architectureRussian billionaire designs boat-shaped hospital for new Dubai-style Tunisia Economic City
Husain Abdullah returns an interception off Tom Brady for a touchdown
nflLeague has rules against 'sliding to ground on knees'
Arts and Entertainment
Critics say Kipling showed loathing for India's primitive villagers in The Jungle Book
filmChristopher Walken, Bill Murray, Scarlett Johanssen Idris Elba, Andy Serkis, Benedict Cumberbatch, Cate Blanchett and Christian Bale
Life and Style
Latest stories from i100
Have you tried new the Independent Digital Edition apps?
Independent Dating

By clicking 'Search' you
are agreeing to our
Terms of Use.

iJobs Job Widget
iJobs General

Physics Teacher

£85 - £125 per day: Randstad Education Cheshire: Randstad Education are curren...

Secondary teachers required for supply roles in Sudbury

£21000 - £35000 per annum: Randstad Education Cambridge: Secondary teachers re...

Senior Marketing Executive (B2C, Offline) - Wimbledon

£28000 - £30000 per annum + benefits: Ashdown Group: A highly successfully con...

Marketing Executive (B2C, Offline) - Wimbledon, SW London

£23000 - £25000 per annum + benefits: Ashdown Group: An established and highly...

Day In a Page

Isis is an hour from Baghdad, the Iraq army has little chance against it, and air strikes won't help

Isis an hour away from Baghdad -

and with no sign of Iraq army being able to make a successful counter-attack
Turner Prize 2014 is frustratingly timid

Turner Prize 2014 is frustratingly timid

The exhibition nods to rich and potentially brilliant ideas, but steps back
Last chance to see: Half the world’s animals have disappeared over the last 40 years

Last chance to see...

The Earth’s animal wildlife population has halved in 40 years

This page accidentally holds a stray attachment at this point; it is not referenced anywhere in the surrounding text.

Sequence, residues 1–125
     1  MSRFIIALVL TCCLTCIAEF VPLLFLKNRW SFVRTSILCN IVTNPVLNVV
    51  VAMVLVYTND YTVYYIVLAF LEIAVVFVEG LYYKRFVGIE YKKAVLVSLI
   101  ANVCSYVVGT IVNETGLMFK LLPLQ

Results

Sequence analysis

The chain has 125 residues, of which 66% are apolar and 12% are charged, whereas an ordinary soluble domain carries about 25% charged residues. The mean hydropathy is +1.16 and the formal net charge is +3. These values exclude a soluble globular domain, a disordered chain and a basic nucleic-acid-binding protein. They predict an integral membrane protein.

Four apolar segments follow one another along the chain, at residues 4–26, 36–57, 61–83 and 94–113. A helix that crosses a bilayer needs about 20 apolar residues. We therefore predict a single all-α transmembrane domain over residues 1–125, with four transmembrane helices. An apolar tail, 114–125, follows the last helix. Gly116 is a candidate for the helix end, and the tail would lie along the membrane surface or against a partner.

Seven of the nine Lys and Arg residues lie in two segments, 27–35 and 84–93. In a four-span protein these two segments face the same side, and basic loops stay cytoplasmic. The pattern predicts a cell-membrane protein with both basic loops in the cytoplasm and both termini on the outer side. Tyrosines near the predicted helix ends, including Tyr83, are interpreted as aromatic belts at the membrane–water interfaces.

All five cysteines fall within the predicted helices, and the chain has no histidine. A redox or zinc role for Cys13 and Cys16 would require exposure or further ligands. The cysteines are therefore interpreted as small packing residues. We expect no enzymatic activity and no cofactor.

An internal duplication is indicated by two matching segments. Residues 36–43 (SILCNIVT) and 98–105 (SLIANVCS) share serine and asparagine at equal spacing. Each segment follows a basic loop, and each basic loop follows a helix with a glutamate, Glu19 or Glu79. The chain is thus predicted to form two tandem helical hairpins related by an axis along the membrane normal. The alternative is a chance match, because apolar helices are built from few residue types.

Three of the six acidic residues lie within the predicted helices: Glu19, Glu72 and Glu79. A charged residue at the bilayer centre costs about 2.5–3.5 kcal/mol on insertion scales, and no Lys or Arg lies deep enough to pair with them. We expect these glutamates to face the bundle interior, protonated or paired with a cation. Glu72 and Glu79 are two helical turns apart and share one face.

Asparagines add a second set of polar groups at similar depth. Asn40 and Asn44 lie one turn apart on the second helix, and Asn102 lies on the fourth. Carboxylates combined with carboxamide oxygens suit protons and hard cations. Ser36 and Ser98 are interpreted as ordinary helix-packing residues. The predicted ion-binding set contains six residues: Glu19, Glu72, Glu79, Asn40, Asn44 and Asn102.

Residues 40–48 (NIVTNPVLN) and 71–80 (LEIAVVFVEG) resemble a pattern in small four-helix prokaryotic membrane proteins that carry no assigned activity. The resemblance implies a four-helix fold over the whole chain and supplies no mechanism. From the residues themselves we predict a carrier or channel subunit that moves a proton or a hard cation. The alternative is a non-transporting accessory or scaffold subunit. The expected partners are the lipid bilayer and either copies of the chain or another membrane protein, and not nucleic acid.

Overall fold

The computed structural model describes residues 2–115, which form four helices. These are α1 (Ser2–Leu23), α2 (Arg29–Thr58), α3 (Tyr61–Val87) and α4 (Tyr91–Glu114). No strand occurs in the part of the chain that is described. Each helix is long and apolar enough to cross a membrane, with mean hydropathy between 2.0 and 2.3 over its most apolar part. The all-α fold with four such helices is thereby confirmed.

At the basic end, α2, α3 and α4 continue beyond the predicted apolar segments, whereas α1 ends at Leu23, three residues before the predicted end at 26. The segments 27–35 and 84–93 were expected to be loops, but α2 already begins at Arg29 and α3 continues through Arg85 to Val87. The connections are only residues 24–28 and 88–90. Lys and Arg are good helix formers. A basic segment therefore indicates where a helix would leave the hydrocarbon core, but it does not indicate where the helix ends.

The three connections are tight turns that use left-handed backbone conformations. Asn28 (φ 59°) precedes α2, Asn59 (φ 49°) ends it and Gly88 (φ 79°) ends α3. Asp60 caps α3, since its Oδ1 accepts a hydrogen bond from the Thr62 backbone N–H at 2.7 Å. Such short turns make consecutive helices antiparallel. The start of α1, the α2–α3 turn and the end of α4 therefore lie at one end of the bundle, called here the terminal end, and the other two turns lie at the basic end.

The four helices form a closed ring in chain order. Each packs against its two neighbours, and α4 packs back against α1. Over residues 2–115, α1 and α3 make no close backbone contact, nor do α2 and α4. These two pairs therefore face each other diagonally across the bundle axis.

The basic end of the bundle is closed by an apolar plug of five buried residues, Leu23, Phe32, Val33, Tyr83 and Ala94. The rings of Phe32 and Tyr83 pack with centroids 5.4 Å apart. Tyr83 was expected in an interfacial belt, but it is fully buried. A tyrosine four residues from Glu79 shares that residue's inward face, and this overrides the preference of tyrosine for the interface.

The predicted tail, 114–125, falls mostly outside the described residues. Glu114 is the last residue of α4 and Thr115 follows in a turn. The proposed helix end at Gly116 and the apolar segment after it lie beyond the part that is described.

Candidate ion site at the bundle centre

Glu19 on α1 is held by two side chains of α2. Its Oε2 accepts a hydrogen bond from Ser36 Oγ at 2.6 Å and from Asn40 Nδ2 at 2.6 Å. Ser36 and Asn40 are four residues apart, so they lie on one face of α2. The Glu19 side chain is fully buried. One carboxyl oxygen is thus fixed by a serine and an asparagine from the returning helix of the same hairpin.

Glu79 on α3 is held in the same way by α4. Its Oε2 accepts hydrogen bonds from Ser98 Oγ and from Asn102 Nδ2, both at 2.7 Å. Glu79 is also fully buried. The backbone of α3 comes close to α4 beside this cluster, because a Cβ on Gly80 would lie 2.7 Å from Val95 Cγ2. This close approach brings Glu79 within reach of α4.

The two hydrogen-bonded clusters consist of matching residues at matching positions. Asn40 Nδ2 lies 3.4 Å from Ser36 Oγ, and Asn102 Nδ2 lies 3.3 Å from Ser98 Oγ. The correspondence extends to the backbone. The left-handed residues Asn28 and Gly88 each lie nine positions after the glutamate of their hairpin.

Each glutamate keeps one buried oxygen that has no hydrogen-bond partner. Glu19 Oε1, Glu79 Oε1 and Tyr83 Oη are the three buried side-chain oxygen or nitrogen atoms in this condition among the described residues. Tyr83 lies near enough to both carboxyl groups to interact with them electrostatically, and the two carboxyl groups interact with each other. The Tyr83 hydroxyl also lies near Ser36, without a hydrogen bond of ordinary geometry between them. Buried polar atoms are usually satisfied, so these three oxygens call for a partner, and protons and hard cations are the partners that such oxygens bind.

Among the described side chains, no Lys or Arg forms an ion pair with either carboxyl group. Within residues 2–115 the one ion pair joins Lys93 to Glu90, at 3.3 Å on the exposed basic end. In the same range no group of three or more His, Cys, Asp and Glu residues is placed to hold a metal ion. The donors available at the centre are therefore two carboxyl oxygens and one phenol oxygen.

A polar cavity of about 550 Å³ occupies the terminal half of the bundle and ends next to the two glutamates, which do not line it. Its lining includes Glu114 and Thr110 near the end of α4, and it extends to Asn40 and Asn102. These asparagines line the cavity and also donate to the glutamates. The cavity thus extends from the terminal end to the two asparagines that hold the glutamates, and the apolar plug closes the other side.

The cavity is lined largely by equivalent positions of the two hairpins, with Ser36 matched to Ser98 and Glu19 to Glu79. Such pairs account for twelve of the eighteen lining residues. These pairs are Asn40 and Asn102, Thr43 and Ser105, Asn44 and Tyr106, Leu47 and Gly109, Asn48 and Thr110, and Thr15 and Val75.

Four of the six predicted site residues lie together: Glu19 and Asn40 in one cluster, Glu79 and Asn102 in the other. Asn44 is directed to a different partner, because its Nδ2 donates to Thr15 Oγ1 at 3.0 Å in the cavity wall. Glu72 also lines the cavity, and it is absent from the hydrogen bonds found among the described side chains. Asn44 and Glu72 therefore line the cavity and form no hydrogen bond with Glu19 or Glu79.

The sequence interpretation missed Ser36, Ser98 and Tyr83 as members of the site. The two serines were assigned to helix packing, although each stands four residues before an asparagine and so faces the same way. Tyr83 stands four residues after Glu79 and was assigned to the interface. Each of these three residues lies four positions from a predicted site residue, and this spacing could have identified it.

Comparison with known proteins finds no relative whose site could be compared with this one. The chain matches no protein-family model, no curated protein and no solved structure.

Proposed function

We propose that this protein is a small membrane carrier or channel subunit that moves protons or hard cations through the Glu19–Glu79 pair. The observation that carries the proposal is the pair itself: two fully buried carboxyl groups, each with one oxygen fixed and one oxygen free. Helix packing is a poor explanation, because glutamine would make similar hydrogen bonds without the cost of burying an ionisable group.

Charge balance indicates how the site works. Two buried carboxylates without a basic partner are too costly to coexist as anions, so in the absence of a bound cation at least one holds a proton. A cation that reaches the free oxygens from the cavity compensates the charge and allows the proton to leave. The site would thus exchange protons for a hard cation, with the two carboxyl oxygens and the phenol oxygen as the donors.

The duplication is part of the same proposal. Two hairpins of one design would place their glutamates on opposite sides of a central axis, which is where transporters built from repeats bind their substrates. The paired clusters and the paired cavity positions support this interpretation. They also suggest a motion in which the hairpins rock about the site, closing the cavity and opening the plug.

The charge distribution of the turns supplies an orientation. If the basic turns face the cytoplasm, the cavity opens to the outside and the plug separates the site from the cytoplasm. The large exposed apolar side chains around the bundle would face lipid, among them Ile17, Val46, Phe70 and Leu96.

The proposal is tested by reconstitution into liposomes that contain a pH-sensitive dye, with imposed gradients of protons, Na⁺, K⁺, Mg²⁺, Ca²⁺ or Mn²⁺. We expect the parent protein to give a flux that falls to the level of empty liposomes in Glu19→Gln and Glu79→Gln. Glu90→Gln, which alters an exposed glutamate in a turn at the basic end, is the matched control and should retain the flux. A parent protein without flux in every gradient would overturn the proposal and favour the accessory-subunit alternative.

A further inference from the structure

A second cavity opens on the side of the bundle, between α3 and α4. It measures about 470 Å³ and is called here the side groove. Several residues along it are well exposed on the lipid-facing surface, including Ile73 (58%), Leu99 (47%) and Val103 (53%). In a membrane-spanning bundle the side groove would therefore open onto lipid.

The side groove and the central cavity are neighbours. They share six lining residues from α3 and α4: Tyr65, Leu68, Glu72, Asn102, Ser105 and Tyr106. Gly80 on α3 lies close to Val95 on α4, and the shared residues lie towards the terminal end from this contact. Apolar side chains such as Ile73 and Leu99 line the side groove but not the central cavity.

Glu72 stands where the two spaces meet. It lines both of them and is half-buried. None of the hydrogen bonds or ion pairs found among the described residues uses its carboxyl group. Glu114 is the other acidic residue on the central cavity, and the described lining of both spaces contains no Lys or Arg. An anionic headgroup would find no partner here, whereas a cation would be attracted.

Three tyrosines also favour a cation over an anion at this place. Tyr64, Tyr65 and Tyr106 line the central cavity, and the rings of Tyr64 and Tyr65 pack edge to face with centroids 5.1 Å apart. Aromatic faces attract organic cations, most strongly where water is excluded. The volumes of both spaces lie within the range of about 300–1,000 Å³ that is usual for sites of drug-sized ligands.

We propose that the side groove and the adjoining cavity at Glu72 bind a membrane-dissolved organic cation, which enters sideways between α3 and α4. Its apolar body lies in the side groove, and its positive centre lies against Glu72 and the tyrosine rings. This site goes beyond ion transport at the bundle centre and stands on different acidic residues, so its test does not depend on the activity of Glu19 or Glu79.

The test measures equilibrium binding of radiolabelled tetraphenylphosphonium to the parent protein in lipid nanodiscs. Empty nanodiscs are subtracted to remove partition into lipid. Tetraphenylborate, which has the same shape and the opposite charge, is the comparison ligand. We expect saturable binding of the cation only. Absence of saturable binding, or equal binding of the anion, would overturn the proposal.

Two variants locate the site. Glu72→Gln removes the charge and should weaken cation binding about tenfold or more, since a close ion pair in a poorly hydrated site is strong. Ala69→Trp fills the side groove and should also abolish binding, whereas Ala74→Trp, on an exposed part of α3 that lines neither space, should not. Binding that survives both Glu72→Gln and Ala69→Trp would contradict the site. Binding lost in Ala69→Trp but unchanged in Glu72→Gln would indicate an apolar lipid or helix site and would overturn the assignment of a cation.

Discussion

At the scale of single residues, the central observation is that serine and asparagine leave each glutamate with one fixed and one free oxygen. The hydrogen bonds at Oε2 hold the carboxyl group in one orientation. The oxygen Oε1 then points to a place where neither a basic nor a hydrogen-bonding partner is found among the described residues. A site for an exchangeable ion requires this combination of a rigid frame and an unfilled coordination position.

So here's why teenagers are always grumpy - and it's not what you think

Truth behind teens' grumpiness

Early school hours mess with their biological clocks
Why can no one stop hackers putting celebrities' private photos online?

Hacked photos: the third wave

Why can no one stop hackers putting celebrities' private photos online?
Royal Ballet star dubbed 'Charlize Theron in pointe shoes' takes on Manon

Homegrown ballerina is on the rise

Royal Ballet star Melissa Hamilton is about to tackle the role of Manon
Education, eduction, education? Our growing fascination with what really goes on in school

Education, education, education

TV documentaries filmed in classrooms are now a genre in their own right
It’s reasonable to negotiate with the likes of Isis, so why don’t we do it and save lives?

It’s perfectly reasonable to negotiate with villains like Isis

So why don’t we do it and save some lives?
This man just ran a marathon in under 2 hours 3 minutes. Is a 2-hour race in sight?

Is a sub-2-hour race now within sight?

Dennis Kimetto breaks marathon record
We shall not be moved, say Stratford's single parents fighting eviction

Inside the E15 'occupation'

We shall not be moved, say Stratford single parents
Air strikes alone will fail to stop Isis

Air strikes alone will fail to stop Isis

Talks between all touched by the crisis in Syria and Iraq can achieve as much as the Tornadoes, says Patrick Cockburn
Nadhim Zahawi: From a refugee on welfare to the heart of No 10

Nadhim Zahawi: From a refugee on welfare to the heart of No 10

The Tory MP speaks for the first time about the devastating effect of his father's bankruptcy
Witches: A history of misogyny

Witches: A history of misogyny

The sexist abuse that haunts modern life is nothing new: women have been 'trolled' in art for 500 years
Shona Rhimes interview: Meet the most powerful woman in US television

Meet the most powerful woman in US television

Writer and producer of shows like Grey's Anatomy, Shonda Rhimes now has her own evening of primetime TV – but she’s taking it in her stride
'Before They Pass Away': Endangered communities photographed 'like Kate Moss'

Endangered communities photographed 'like Kate Moss'

Jimmy Nelson travelled the world to photograph 35 threatened tribes in an unashamedly glamorous style